Before I look again at those two contentions that I said I’d defend tonight, let’s try to say something more about these matters of epistemology. Remember I argued that the dictionary definition of a delusion is a false belief or opinion. So Dr. Begon is offering us a revisionary definition of what a delusion is. And he’s saying that something is a delusion if it is neither self-evident nor held on the basis of evidence. In his last speech he made the astonishing assertion that a belief is false if it is held in the absence of evidence. Well, that is patently wrong. It’s easy to give counter-examples. Suppose I believe that there is a person standing right outside this door at this very moment. I have no evidence for that. Does that mean that that belief is false? No! He could be there right now. In fact, when we make predictions about the future, we don’t know whether they’ll come true or not. But if they do come true then those were true predictions. So, it’s patently wrong that a belief is false if it is asserted in the absence of evidence.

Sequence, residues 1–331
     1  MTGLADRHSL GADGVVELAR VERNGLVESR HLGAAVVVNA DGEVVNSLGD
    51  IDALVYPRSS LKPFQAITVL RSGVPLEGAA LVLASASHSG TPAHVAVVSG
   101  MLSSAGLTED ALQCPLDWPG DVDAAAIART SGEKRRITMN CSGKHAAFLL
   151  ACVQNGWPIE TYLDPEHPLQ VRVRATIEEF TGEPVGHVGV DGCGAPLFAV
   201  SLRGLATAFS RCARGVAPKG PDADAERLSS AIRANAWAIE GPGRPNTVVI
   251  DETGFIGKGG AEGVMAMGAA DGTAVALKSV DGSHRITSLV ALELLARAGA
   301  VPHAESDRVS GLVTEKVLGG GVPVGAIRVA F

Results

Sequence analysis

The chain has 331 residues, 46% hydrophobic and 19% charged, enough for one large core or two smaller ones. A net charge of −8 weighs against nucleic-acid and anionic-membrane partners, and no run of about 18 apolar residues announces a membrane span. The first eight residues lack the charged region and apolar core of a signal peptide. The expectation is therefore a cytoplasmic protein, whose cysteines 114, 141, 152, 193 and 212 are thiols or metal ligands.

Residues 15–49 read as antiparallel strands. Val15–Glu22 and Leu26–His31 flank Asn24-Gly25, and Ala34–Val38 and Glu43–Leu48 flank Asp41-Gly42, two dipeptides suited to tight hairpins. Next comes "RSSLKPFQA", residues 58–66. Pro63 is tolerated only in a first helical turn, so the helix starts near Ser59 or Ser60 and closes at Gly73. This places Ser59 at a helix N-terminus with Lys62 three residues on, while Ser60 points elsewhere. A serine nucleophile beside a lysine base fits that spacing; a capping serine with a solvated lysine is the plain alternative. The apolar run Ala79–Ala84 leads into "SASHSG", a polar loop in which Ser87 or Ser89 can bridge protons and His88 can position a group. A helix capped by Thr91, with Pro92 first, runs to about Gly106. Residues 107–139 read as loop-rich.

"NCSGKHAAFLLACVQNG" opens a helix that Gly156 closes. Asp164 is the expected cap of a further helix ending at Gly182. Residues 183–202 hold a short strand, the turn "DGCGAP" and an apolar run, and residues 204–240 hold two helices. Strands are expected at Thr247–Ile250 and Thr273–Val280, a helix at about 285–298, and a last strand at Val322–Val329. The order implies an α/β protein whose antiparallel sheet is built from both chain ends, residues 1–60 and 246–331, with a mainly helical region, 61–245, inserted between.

But I gave two criticisms of his evidentialism. First, that it is overly restrictive. Remember my example of how it undermines science. The special theory of relativity is based upon certain assumptions about the one way velocity of light that cannot be scientifically proven. Another example, the Copernican principle. This underlies all of modern astronomy. It states that we occupy no special place in the universe. Without the assumption of this principle it’s possible that the distant galaxies operate according to other laws of nature and therefore all of our data about them is wrong. You simply have to assume the Copernican principle that the same laws operate there that operate here in order for astronomy and astrophysics to be even possible. So his evidentialism would destroy science if you adopted it. Moreover it would mean our beliefs in the external world, the reality of the past, are not justified. He says, No, no, these are based on evidence. Well, this is just philosophically naïve. I think he needs to take a good dose of reading in skeptical thinkers like Descartes and David Hume, who will show that all of my experience would be exactly the same if I were a body in the Matrix. There’s nothing you can do scientifically by way of gathering experience to show that that’s false. It is simply a properly basic belief that is grounded in our experience of the external world, but you can’t provide evidence for it because that assumes that the evidence we gather is veridical which is what the hypothesis denies! Moreover, I pointed out that it’s self-refuting. The statement “Only believe in what is self-evident or inferred by evidence” is not itself self-evident. In fact, most philosophers today disagree with it. Neither is it based on evidence; it’s an arbitrary definition, and a bad one at that.